Heparitinase Treatment of Cartilage Explants Causes Release of Biologically Active bFGF.

Further experiments were made to establish the location of the bFGF in cartilage. The growth factor is present in the cytosol of many cell types, including chondrocytes in culture (data not shown). Release of bFGF after injury could therefore be from a cytosolic pool. However, bFGF has a high affinity for heparin and HS and is also thought to reside in the matrix bound to HS-containing proteoglycans. To investigate the possible existence of an extracellular pool of bFGF in cartilage, live explants were treated for 4 h with medium, with or without heparitinase. The medium samples were tested for their ability to activate ERK in isolated primary chondrocytes (Fig. (Fig.77A). Medium from the heparitinase-treated explants (HT CM) activated ERK, whereas medium from the control cultures lacking the enzyme (B CM) did not. Heparitinase itself did not activate ERK in the chondrocytes (Fig. (Fig.77A). Explants were also treated with chondroitinase ABC (an enzyme that degrades chondroitin sulphate), but this treatment did not release an ERK-activating factor. The ERK-activating factor released by heparitinase was inhibited by the Abs to bFGF (Fig. (Fig.77B). Its identity was also confirmed by Western blot (data not shown).

Figure 7
Heparitinase treatment liberates FGF. Cartilage explants were incubated with buffer alone, heparitinase (1 mμ/ml), or chondroitinase ABC (5 mμ/ml). After 4 h each CM was removed (B CM, HT CM, and Ch CM, respectively) and ...

bFGF Regulates Chondrocyte Gene Expression in Chondrocytes.

We examined the effect of bFGF on chondrocyte gene expression. Newly synthesized proteins were visualized by autoradiography (Fig. (Fig.8).8). bFGF strongly induced seven protein bands. Four were identified by MS (see Fig. Fig.8);8); they were tissue inhibitor of metalloproteinases 1 (TIMP-1), matrix metalloproteinases (MMPs) 1 and 3, and gp38. The latter is the porcine homologue of human gp39 (also known as YKL40). The growth factor had no effect on synthesis of type II collagen as judged by expression of the C-terminal propeptide (Fig. (Fig.8,8, band F). As expected, stimulation of chondrocytes with medium conditioned by recut cartilage (RC CM) also strongly induced TIMP-1, gp38, and MMP-1 (Fig. (Fig.8).8). However, the pattern of protein expression was not identical to that induced by bFGF, suggesting that other factors may be present in the CM.

Figure 8
FGF-regulated gene expression. Isolated primary porcine chondrocytes were incubated overnight with either serum-free medium (control) or 100 ng/ml of recombinant FGF. The following day cells were pulsed for 6 h with 15 μCi per well (150 ...

bFGF Has No Effect on Sulphated Proteoglycan Synthesis.

The effect of bFGF on sulphated proteoglycan synthesis was determined by measuring the incorporation of radio-sulphate into CPC-precipitable material. bFGF (200 ng/ml) had no significant effect on proteoglycan synthesis by chondrocytes in either explants or primary monolayer culture (data not shown). In addition, the inhibitory effect of IL-1 on proteoglycan synthesis was not counteracted by costimulation with bFGF.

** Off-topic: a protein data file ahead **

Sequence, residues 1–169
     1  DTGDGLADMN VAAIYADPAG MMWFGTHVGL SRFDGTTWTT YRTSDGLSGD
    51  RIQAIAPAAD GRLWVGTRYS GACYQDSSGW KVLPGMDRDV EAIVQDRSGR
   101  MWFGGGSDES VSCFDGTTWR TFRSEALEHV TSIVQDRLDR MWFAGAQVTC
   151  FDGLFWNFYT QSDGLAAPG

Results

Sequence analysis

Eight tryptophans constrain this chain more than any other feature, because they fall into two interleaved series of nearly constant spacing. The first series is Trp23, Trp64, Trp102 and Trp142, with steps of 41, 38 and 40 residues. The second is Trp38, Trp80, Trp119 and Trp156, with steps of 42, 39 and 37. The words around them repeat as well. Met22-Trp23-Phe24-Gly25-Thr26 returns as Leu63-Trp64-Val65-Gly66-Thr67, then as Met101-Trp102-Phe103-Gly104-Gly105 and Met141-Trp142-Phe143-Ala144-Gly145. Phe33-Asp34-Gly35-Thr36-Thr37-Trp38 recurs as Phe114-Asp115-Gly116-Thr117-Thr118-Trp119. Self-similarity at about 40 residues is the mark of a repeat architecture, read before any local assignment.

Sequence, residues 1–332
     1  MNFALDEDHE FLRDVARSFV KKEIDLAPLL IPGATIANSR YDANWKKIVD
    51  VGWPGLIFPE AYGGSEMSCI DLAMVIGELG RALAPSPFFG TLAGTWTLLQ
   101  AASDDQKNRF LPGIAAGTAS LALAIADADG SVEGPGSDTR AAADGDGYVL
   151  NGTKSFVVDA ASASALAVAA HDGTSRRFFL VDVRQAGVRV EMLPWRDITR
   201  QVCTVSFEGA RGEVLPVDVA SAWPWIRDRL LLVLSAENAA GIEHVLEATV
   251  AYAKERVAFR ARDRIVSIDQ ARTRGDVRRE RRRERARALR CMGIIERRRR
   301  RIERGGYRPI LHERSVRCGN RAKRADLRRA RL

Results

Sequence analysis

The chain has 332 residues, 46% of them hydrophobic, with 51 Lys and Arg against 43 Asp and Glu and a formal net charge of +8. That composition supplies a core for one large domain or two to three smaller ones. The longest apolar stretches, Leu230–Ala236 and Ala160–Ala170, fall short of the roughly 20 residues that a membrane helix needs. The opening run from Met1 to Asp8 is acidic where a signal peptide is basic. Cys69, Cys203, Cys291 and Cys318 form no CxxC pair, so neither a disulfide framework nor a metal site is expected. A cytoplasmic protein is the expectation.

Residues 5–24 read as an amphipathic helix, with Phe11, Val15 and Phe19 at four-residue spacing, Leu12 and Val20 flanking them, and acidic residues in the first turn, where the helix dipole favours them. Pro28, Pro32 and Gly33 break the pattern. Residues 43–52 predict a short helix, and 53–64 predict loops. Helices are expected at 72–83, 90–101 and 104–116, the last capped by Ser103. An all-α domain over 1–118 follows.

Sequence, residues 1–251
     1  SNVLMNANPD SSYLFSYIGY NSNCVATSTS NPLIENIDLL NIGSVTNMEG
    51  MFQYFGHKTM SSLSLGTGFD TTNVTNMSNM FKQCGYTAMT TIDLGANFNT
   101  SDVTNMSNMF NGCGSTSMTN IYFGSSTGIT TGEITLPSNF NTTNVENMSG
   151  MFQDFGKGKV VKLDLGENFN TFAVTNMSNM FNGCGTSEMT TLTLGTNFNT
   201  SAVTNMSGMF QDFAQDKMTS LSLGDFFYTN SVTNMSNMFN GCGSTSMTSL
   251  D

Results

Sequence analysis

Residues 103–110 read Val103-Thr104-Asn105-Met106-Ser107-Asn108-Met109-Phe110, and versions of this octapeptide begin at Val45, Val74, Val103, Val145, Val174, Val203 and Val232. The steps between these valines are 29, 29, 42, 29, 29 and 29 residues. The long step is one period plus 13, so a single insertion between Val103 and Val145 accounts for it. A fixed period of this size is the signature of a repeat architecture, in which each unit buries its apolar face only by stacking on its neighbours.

Discussion

Mechanical injury to cartilage causes a rapid cellular response because of release of a pool of bFGF. Our results are a demonstration of bFGF playing an immediate role in injury, and suggest a possible function for stored extracellular bFGF, namely to act as a signal of tissue injury.

bFGF is one of a family of nine (15) ubiquitous growth factors that have a broad range of activities (1618). Both acidic and bFGF have been implicated in the response of tissues to injury. In the skin, mRNA for bFGF was induced 1–5 days after incisional injury (19, 20), and levels of bFGF were increased in wound fluids (21). mRNA for bFGF was increased in postnatal rat retinas 1 day after needle incision (22), and immunostaining for bFGF was detected 1 week after focal mechanical lesions had been administered to rat brains (23). None of these studies demonstrated the immediate release of preexisting bFGF protein after injury.

The results of the chromatography of cartilage extract, together with the effects of the neutralizing Ab and the FGF receptor kinase inhibitor, were consistent with bFGF being the major ERK-activating factor released from the cartilage. The neutralizing Ab to bFGF inhibited by 75% the ERK activation caused by the medium conditioned by re-cut cartilage. The inhibition was greater when the CM had been treated with CPC to remove sulphated proteoglycans. This finding suggests that the bFGF in the crude CM was partly inaccessible to the Ab. Removal of glycosaminoglycans may have had the effect of freeing the bFGF, thus making it more accessible to neutralization by the Ab. This result would also explain the fact that the crude CM was more active after removal of proteoglycans.